In its 2020 World Watch List report, the international NGO Open Doors listed Pakistan, noting that Christians face “extreme persecution in every area of their lives, with converts from Islam facing the highest levels.” According to Open Doors, all Christians in the country “are considered second-class citizens, inferior to Muslims.” The NGO stated Christians are often given jobs “perceived as low, dirty and dishonorable, and can even be victims of bonded labor.” The NGO also said that Christian girls in the country were increasingly “at risk of abduction and rape, often forced to marry their attackers and coerced into converting to Islam.”

Perpetrators of societal violence and abuses against religious minorities often faced no legal consequences due to a lack of follow-through by law enforcement, bribes offered by the accused, and pressure on victims to drop cases. Legal experts and NGOs continued to state that the full legal framework for minority rights remained unclear. Members of religious minority communities said there continued to be an inconsistent application of laws safeguarding minority rights and enforcement of protections of religious minorities at both the federal and provincial levels by the Ministry of Law and Justice, the Ministry of Interior and the Ministry of Human Rights. Religious minority community members also stated the government was inconsistent in safeguarding against societal discrimination and neglect, and that official discrimination against Christians, Hindus, Sikhs, and Ahmadi Muslims persisted to varying degrees, with Ahmadi Muslims experiencing the worst treatment.

Freedom of Press

In 2020, Pakistan’s press freedom rank dropped to 145 out of 180 countries in the Press Freedom Index, an annual ranking of countries published by Reporters Without Borders (RWB), an international non-governmental organization dedicated to safeguard the right to freedom of information.  The Pakistan’s global index rank was declined for several issues such as killings of journalists, restrictions imposed on news media, withdrawal of government ads, threats, harassment, violation of independent journalism, detention, abduction, and frivolous lawsuits against journalists.

The Council of Pakistan Newspaper Editors, an organization dedicated to safeguards of journalists argued Pakistan’s direct and self-censorship and state-sponsored hostility towards independent journalists working in the country. In the recent years (around 2018 or 2019), seven journalists were killed while fifteen others were injured in different violent incidents. In Pakistan, sixty journalists were allegedly charged under Anti-Terrorism Act. The government, however, cited the issue with the country’s law and order.

Women’s Rights

Violence against women and girls-including rape, so-called honor killings, acid attacks, domestic violence, and forced marriages-remains a serious problem in Pakistan.  Human rights activists have estimated that there are about 1,000 honor killings every year. According to media reports, at least 66 women were murdered in Faisalabad District in 2018, the majority in the name of ‘honor’.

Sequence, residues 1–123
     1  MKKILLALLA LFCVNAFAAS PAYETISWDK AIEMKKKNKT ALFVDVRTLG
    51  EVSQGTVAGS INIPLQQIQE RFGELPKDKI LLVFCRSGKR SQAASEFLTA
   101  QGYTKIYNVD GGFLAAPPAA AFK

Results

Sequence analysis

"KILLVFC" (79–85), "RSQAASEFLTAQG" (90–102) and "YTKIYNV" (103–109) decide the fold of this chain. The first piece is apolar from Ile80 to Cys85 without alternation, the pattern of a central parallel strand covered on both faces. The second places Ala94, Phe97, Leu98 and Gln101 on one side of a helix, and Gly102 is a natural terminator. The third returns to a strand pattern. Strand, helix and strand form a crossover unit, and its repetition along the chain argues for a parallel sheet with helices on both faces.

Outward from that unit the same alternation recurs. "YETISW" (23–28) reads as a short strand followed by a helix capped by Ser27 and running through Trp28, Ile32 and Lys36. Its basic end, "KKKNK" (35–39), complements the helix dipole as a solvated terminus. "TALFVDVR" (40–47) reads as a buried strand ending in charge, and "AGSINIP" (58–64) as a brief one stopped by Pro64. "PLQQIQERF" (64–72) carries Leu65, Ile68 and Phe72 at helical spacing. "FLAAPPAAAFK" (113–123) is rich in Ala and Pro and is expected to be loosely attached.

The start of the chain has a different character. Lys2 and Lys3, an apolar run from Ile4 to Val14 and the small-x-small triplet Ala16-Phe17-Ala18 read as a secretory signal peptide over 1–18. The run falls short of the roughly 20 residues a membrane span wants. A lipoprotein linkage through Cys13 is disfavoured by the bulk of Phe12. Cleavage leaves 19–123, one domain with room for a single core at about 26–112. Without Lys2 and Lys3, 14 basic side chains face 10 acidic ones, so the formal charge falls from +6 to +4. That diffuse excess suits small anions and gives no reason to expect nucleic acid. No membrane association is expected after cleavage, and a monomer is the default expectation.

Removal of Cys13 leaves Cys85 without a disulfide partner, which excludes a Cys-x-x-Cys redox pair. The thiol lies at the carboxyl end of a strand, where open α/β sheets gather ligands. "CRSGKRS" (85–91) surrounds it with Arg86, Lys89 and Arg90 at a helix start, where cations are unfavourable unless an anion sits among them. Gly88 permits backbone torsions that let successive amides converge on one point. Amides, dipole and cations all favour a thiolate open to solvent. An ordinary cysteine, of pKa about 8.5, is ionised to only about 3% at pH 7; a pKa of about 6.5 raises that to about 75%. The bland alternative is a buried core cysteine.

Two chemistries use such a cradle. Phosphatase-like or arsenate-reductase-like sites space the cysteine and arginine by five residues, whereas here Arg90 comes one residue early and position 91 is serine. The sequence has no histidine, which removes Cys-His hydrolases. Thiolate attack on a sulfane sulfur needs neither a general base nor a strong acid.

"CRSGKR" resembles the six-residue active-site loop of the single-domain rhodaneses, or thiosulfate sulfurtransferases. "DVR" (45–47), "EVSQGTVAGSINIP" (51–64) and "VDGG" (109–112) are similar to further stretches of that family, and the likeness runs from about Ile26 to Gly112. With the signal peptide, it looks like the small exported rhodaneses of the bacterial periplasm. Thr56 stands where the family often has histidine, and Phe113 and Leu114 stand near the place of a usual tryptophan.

Women from minority communities remain more vulnerable to abuse; at least 1,000 girls belonging to Christian and Hindu communities were forced to marry Muslim men every year. The government has done little to eradicate such practices of abuse.

Absence of a Minority Commission

On the 5th of May 2020, the government of Pakistan announced the establishment of a National Commission for Minorities. One can take it as a good gesture. However, serious consideration has not been given to this very important initiative. Since 1990, this kind of ad hoc commission – rather committee – has been established several times without any office, staff, proper mandate and rules of business, and it remained unable to create any positive impact and address minority rights issues. Therefore, it has been a long-standing demand of minority rights activists in Pakistan that a minority rights commission must be established as a statutory body. The said commission can only make its impact if it is constituted through a legislative process as an independent and autonomous commission and provided with adequate resources.

The Supreme Court of Pakistan on 19 June 2014, in its landmark judgement on minority rights ordered that “A National Council for minorities’ rights be constituted. The function of the said Council should inter alia be to monitor the practical realization of the rights and safeguards provided to the minorities under the Constitution and law. The Council should also be mandated to frame policy recommendations for safeguarding and protecting minorities’ rights by the Provincial and Federal Government”.

In the spirit of the principles of United Nations Charter, the Universal Declaration of Human Rights, and international law, The European Green Party (which works for, strengthening human rights and building a strong, democratic world) and several other international human rights organizations expressed their deep concern about the systematic violation of the rule of law and basic human and democratic rights in Pakistan.